March 30, 2011
Public health professor an expert in all things green
offers lessons. The club will host the 2011 U.S. National championships in August.
Woodland Park’s lawn bowling club is open to the public.
Both clubs will host a June 4 Open House with free lessons.
Janice Bell, UW assistant professor of health services in the School of Public Health, studies “green neighborhoods” and how the spaces can help reduce obesity in the U.S. by day. But at night, and on the weekends, she studies the green space that is home to the sport known as lawn bowling.
Bell has become such an expert at the sport, in fact, that she was recently named to the national team and will represent the U.S. in Cyprus at the Atlantic Championships this October. Its an impressive role for the researcher/athlete, since she only started playing the game in 2007.
How did Bell get involved with the somewhat obscure—at least in the United States—sport? Random geography is part of the answer. “Theres a green thats within a mile of my house, and thats how I got started,” she said, referencing the Jefferson Park Lawn Bowling Club. “A friend of mine had joined. I went out there one day and tried it, and instantly knew that I was going to be doing it for a long time. It was such a fun sport.”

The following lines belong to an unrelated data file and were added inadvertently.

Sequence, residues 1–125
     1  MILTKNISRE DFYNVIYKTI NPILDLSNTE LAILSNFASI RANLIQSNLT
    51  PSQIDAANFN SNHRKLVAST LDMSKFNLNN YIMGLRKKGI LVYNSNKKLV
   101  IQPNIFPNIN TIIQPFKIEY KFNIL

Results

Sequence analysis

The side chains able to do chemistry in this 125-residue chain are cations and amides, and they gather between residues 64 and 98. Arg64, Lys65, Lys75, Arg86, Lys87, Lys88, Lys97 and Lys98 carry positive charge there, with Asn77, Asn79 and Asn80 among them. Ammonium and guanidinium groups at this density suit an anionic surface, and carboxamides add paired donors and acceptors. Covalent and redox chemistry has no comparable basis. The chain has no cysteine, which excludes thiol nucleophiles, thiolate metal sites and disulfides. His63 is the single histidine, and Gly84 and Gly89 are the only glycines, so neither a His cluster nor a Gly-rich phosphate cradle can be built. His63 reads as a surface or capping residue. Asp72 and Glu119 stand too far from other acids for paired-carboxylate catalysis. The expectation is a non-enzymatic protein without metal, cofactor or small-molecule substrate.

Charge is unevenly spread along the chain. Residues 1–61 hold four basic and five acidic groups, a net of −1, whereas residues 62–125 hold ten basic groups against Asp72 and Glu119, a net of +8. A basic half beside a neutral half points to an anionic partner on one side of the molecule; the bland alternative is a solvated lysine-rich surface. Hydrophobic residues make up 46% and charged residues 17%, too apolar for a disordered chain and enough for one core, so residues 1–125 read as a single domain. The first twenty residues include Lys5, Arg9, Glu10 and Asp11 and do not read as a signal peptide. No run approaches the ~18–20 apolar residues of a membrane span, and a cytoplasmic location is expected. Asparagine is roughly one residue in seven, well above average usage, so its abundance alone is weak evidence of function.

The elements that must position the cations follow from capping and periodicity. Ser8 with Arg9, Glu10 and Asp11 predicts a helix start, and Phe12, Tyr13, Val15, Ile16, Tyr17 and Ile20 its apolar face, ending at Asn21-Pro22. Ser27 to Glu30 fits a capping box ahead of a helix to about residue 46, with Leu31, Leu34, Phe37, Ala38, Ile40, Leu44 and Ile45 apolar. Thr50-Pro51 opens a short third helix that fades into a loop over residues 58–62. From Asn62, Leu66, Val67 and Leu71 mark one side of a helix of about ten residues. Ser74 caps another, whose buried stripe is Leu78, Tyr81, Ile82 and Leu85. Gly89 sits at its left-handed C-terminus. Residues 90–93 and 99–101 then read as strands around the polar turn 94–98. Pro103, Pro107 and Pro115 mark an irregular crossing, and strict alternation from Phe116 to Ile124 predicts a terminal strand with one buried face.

Lawn bowling is similar to curling, but is played on grass with an oblong-shaped ball. “Theres a little bit of physics involved, so if you hit something one way, you have to consider which way the bowl is going to go,” said Bell. “And its like chess in that you have to anticipate your opponents moves, so youre setting up for your next shot and trying to anticipate what someone else is going to do. Its low-impact physical activity and, at the same time, its a really complicated mental game.”
In the U.S., Bell said there are approximately 3,000 active bowlers. In Australia, the figure is closer to one million. “Its a huge sport over there, in the U.K. and Canada,” said Bell. Countries like Malaysia hire lawn bowlers to play for national teams.
Richard Broad, a U.S. national champion who hails from the Woodland Park club near Green Lake in Seattle, said Bell is a real natural in the lawn bowling realm. “I dont know what Janice had been doing prior to lawn bowling,” he said. “But it was like fitting a glove to somebody who has shown athletic and mental acumen for lawn bowling.”
Broad said that a big part of the sport is mental concentration, with players needing to calculate how much weight or heft to put behind a lawn bowl. “It never goes in a straight line, and always goes in a curve,” he said. “You need to think ahead a little bit like in chess, and think ahead to what moves your opponent might make.”
Bell said that one of her coaches describes the sport as 80 percent “mental” and 20 percent “physical” in terms of dedication to skills. So theres a little power in positive thinking. “If you believe you can make a shot, you really can,” she said, with a smile.
So, does the fact that she has a Ph.D. help at all? “I can see one parallel for sure, the one where you put your mind to something and you stay with it for a long time,” she said. “It takes an ability to focus on a specific thing and train really hard. Its like being in graduate school in a way,” she said, with a chuckle.